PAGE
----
It’s a common experience: walking along a busy city street after a rainstorm and dodging a dirty puddle of sludgy stormwater and a gutter gurgling up with garbage.
“What if I told you most of that stormwater and trash goes directly into our rivers, lakes and oceans without being filtered or treated?” asked Brian Deurloo in his office at the Wyoming Technology Business Center in Casper one fall afternoon. “That garbage, that road sediment, those cigarette butts – 80 percent of stormwater is not treated and goes straight to the river.”
More than four-trillion cigarette butts are littered annually, and the toxins from just one butt will kill five of 10 fish in a liter of water, he continued. The mass of plastics in the ocean is estimated to outweigh the fish in the ocean by the year 2050.
Poorly-designed drains also contribute to flooding, safety hazards and increased road maintenance when they get choked with trash and debris.
For all those reasons, Deurloo hopes his patent-pending Gutter Bin invention ends up in every storm drain around the world.
“I literally want millions of these in the ground to create cleaner rivers and reduce the amount of plastic pollution in the oceans,” he said.
Deurloo is a Sheridan native and a mining engineer who was climbing the corporate ladder in the energy industry prior to starting Frog Creek Partners, the manufacturer of the Gutter Bin® stormwater filtration system.
“I knew since a very young age I wanted to invent something useful,” he said.
It was 2:38 a.m. on his daughter’s 8th birthday in 2016 when Deurloo said he woke up with an idea: a stormwater filter that could be installed just about anywhere, easily serviced and effective against stormwater pollution without causing flooding.
By 4 a.m., he was at Walmart buying supplies to create a prototype. A few weeks later, he was one of the winners of the Wyoming Technology Business Center’s Startup Challenge, earning seed money, mentorship and office space in the business center for a year.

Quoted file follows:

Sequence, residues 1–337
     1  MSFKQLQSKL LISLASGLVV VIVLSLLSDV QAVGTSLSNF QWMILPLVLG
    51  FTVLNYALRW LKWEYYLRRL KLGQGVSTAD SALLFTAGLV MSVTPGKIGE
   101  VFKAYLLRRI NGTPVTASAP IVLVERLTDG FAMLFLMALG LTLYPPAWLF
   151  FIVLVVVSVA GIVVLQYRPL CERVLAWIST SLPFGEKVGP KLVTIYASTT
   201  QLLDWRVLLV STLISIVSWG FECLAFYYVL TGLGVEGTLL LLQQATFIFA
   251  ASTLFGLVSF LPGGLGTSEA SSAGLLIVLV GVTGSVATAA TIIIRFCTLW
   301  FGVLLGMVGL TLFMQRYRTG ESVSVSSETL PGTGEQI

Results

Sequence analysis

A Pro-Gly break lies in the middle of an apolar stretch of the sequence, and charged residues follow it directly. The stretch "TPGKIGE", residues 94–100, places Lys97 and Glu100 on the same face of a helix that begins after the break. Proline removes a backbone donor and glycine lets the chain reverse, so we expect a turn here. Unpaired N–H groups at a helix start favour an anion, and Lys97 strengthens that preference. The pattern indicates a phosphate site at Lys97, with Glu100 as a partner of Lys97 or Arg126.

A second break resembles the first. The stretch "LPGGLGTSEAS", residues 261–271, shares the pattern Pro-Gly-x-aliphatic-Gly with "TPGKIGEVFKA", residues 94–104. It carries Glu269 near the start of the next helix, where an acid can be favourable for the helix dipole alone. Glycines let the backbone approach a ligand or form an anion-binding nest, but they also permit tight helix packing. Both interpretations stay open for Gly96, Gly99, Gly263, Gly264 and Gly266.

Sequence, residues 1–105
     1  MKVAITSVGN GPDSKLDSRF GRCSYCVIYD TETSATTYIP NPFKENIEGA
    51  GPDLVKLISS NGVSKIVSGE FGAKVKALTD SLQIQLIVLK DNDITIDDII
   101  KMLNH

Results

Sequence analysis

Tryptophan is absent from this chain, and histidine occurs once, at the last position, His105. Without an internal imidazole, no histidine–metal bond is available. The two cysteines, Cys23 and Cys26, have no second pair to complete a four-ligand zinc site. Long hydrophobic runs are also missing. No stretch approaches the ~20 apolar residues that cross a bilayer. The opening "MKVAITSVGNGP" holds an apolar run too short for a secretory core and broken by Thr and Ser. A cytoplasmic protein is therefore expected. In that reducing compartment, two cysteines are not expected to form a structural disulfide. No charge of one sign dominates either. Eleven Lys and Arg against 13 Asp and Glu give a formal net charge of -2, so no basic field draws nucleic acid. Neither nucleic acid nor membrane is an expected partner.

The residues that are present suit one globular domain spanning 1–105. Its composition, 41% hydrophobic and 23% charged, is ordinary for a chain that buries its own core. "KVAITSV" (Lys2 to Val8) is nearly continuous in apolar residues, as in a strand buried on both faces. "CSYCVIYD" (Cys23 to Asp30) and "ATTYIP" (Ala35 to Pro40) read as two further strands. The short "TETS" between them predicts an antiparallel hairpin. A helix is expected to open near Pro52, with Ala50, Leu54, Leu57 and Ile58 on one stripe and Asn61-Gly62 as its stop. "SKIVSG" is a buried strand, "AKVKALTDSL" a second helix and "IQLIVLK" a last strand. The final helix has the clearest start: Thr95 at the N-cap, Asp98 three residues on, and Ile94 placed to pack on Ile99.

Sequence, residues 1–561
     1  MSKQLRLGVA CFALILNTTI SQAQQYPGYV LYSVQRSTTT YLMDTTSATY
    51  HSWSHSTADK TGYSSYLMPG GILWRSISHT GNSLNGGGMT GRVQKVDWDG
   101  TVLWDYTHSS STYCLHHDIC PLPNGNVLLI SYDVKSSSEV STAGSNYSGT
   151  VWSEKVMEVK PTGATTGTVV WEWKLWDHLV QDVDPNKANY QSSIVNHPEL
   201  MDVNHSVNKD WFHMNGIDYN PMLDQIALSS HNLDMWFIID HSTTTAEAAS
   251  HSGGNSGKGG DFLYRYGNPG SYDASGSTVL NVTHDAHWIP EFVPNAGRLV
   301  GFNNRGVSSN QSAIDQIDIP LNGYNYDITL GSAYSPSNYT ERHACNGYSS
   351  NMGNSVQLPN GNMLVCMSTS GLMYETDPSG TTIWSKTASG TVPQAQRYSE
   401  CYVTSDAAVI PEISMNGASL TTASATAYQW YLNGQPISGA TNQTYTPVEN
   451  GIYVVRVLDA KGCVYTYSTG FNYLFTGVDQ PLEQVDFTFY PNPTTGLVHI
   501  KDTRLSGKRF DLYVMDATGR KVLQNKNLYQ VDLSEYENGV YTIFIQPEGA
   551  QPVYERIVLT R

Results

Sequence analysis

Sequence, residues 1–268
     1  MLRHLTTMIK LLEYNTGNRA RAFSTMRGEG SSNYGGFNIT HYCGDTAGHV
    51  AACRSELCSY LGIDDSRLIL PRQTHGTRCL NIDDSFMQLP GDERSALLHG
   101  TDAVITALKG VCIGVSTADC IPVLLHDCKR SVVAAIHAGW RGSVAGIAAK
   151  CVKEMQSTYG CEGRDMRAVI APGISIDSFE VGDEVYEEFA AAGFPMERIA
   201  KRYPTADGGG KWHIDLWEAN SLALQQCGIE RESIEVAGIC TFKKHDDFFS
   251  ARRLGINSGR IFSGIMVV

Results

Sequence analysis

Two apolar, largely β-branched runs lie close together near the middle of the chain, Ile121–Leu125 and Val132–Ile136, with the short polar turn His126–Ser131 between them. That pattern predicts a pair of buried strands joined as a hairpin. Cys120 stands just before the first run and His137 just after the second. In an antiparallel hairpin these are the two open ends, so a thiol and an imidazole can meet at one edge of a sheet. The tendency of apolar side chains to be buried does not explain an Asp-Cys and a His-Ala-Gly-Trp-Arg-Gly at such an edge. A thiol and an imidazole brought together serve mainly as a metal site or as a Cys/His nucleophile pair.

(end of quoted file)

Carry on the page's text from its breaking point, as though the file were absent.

Today, his Gutter Bins are developed and manufactured in Wyoming. He’s working hard to scale up and install his invention everywhere. His first customer was his hometown of Sheridan. He also has bins in Casper, downtown Denver and California, with upcoming installs in Jackson Hole, Cheyenne, Colorado Springs and the Denver Zoo.
His design incorporates a mesh bag that can capture 100 percent of trash and cigarette butts, plus sediment and hydrocarbons from the streets after a rainstorm without clogging the drain and causing flooding.
Ordinary storm catch basins require 10 to 30 minutes to clean and maintain with a vacuum truck, Deurloo said. His Gutter Bin requires less than 60 seconds to clean. It’s more like residential curbside trash pickup: stop, dump, go. He can train his customers to maintain the bins, or he offers a maintenance service when the bins are installed.
Part of Deurloo’s system includes weighing and monitoring the amount of pollution removed when the Gutter Bins are emptied in order to quantify and prove their effectiveness.
“We manage what we measure,” Deurloo said.
The maintenance cycle depends on the location, pollution load and local climate. The 12 Gutter Bins in downtown Denver, for example, have removed almost a ton of trash in the first six months of operation.
Deurloo monitors his Gutter Bins with a mobile app, and he’s created a slick virtual-reality video demonstration of the product that he uses for sales and traiing purposes.
“I want to make stormwater pollution capture sexy and cool again,” Deurloo said with his signature smirk.
While his former industry – mining, oil and gas – and the clean-water industry aren’t always aligned, Deurloo said they have a similar interest in understanding the value of Earth’s natural resources. Some of his earliest and most enthusiastic investors have been private mining and energy companies who want to mitigate their impact on the planet and improve their public image.
“Clean water is important for everyone, regardless of politics or policies,” Deurloo said. “And it’s going to require effort by everyone to clean it up. I have faith that we can do it.”